Africa to receive investment to boost internet
KIGALI - Africa will receive investment worth 55 billion dollars to boost its goal of securing universal Internet access by 2012, the International Telecommunication Union (ITU) said yesterday.
The commitments were made at the two-day “Connect Africa” summit that ended in Rwandan capital on Tuesday, with a pledge to speed up technology in the continent, the ITU said in a statement.
The ITU and African Development Bank (AfDB) jointly vowed to cooperate in connecting all African capitals and major cities with a broadband infrastructure and strengthen connectivity to the rest of the world by 2012.
“By 2015, broadband and ICT (information and communication technology) services will be extended to all African villages,” the statement said.
This is great news for the people who live on the continent of Africa. Telecommunications, like a water distribution system and the electrical grid are the foundations of an advanced and productive society. Just as a new highway leads to development of restaurants and shopping plazas on the side of the road, so too will this information highway produce similar benefits for millions of people.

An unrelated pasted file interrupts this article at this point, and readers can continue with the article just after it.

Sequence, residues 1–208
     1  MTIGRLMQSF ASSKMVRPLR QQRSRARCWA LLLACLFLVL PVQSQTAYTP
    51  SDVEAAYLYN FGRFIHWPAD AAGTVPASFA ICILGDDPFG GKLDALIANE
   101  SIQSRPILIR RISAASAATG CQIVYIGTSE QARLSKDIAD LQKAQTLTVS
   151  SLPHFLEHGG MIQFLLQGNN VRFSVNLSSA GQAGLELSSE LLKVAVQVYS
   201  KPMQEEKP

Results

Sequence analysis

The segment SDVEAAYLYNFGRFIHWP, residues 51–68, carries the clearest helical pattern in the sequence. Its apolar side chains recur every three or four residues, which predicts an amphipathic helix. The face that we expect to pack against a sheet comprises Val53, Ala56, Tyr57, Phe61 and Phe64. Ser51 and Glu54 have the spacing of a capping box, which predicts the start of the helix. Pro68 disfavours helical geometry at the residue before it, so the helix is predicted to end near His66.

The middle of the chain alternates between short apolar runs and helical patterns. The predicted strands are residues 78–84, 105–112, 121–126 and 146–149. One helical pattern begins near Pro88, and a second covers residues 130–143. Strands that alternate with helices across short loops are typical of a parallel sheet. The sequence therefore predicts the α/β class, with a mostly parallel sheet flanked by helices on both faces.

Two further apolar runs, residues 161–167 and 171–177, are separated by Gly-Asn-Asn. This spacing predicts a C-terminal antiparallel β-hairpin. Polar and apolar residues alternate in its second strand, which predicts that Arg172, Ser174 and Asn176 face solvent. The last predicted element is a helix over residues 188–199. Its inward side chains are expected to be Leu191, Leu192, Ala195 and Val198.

In my own line of research on the impact that the mobile phone has had in Africa and in various "developing countries" around the world such enhanced communications has radically changed people's lives for the better. In fact many African nations are further ahead of the United States when it comes to mobile payments. Since many of these countries use prepaid calling cards for their cellphones the mobile operators there have set up a system by which a son that has moved to the big city is able to transfer credits to his mother's cellphone back in the village. He account receives these increased credits. She is then able to go into a store and transfer the stored value on her phone account to the store as a means of purchasing food. This is a "Western Union" type money transfer service via the cellphone.
In the coming years the development of a robust and ubiquitous telecom infrastructure in Africa will mean that more people will participate as "knowledge workers" in these various economies. Africa's challenge is to being to ship finished goods outside of their region rather than raw materials. The implementation of this network will lead it further down this path. This is a good news story for Africa and her people.